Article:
By Ralph E. Moore, Jr.

It was the trip of a lifetime.  It was not a vacation, but a mission trip to advocate for justice and the respect of the Black Catholics, worshiping and serving in the U.S. for over 400 years. We have kept our eyes on God and the unrequited love from our fellow church members, but hatred, prejudice and discrimination remain.

We arrived in Rome– Delores Moore (no relation), Mary Sewell and I– on the morning of Oct. 29.  Our meeting with the Dicastery for the Causes of Saints was scheduled for the next day. The airport is an hour from our hotel and nearly as long from Vatican City.

We happily arrived on Oct. 31 for our session with the church leaders in an office in a corner of St. Peter’s Plaza.  

St. Peter’s Basilica is named for the first pope, Simon, who Jesus renamed Peter – known as “the rock”  upon which Jesus said he would “build” his church. St Peter’s Basilica is believed to be the largest church in the world.  It is enormous and non-surprisingly devoid of many– if any– representations of Black or Brown saints among its many statues and portraits.

We were greeted by Cardinal Marcello Semeraro, Prefect of the Dicastery for the Causes of Saints (the head of the working congregation that investigates the lives of candidates for sainthood and approves the required miracles for sainthood).  The Dicastery is the group that then recommends candidates for sainthood to the pope.  Only a pope can declare a candidate a saint.  The cardinal blessed the rosaries we had just purchased in St. Peter’s Square and thanked us for coming.

He left us to meet with Reverend Father Boguslaw Stanislaw Turek, the Undersecretary of the Dicastery and Father Patrick Dorelus, an African-American priest originally from Brooklyn, New York, who had been in Rome for eight years prior and who served as the interpreter for us and Fr. Turek. Dorelus is on the staff of the Dicastery, too. We had an unprecedented two-hour session with the advisors to the pope. Our meeting was unprecedented because we are not church or canonization-process officials. In addition, we advocated for the sainthood for six people, while everyone else pushes for their one. We are the Social Justice Committee of St. Ann Catholic Church in East Baltimore.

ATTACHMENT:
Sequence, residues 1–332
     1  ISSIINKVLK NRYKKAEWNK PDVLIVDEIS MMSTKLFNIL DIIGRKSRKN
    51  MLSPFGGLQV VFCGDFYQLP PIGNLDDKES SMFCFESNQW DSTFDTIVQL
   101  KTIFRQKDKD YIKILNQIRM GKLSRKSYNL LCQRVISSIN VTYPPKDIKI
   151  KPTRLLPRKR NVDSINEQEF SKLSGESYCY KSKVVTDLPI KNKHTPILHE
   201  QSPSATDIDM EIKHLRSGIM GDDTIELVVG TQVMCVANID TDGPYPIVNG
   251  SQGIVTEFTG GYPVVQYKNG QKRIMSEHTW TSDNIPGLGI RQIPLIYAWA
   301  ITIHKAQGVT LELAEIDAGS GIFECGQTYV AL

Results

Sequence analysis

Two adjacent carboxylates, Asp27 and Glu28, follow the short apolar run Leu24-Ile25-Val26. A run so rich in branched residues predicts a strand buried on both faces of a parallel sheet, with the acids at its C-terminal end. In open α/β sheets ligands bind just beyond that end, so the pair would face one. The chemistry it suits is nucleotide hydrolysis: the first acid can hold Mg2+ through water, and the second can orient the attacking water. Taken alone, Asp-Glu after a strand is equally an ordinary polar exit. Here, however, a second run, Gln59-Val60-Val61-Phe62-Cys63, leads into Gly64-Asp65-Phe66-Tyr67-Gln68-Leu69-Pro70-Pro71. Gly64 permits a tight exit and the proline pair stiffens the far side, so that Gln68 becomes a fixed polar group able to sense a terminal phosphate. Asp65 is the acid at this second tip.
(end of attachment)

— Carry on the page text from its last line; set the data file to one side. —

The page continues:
During our two-hour session with the Dicastery for the Causes of Saints, we discussed both two big points: public acclamation and the dispensing of miracles.  We framed our discussion by stating, “The Catholic Church owes Black Catholics, give us our saints now.”  We also told them, “If it is wrong now–and it is–fix it now.”  

After all the White supremacy we endured in the U.S. within the Catholic Church, having no saints from our race and nation is embarrassing! There are 11 White Catholic saints from the U.S. We told them of Black Americans being denied admission to churches–including some edifices we helped build– during chattel slavery and again under Jim Crow’s reign.  We discussed how once admitted, we were required to sit in the back.  Black Catholics were required to wait in the center aisle until all White congregants received Communion. I recall ushers standing in front of the holy water fountains to block us from using them and their stepping aside for access for Whites believers.  We wanted them to understand that the White supremacy practiced by White Catholics was not only at an institutional level– with no admission to convents or seminaries– but a personal one also, practiced weekly in churches.

They listened as we discussed how Pope Francis (my favorite pope after John XXIII) dispensed with Pope John’s final miracle after canonizing several popes: Paul VI, John Paul II, John XXII and he is working on John Paul I.  Fr. Stanislaw Turek, the undersecretary for the Dicastery tossed me a pop quiz question: “Who was the pope who commissioned Mother Lange and the other sisters to start the Oblate Sisters of Providence?” and I immediately responded, “Pope Gregory XVI!” And he nodded.  

Delores, Mary and I hand delivered to the Dicastery a ream of signed letters to Pope Francis at the end of our meeting. We mailed 3,000 plus to the pope previously (1,500 in 2021 and 1,500 in 2022) and sent copies to Cardinal Christophe Pierre, his Ambassador to the U.S.  They have never been acknowledged…now they have been put in the hands of the members of the Dicastery.

Cardinal Semeraro came back at the end of our meeting to wish us farewell. Father Turk exclaimed “bravo” and gestured with his upheld hands at the end of our discussion. We felt great about the audience as we left the building. 

We have worked on the Initiative for the Expedited Canonizations of the First Six African American Candidates for Sainthood every day for over two years. We will keep working and praying until the ‘saintly six are given the respect from the church that they deserve.  They are: Mother Mary Lange, Father Augustus Tolton, Mother Henriette DeLille, Pierre Toussaint, Julia Greeley and Sister Thea Bowman.

I heard the Dicastery met in Rome last week and I am aware the U.S. Catholic Conference of Bishops is meeting in our hometown this week.  Hopefully and prayerfully, the Holy Spirit will be with them to recommend our saints now.   

We are not looking for tokenism with the canonization of just one of the six unless there is the promise of doing all six eventually and before long– if not now.

The Catholic Church owes Black Catholics and so we respectfully demand, “Give us our saints now.”

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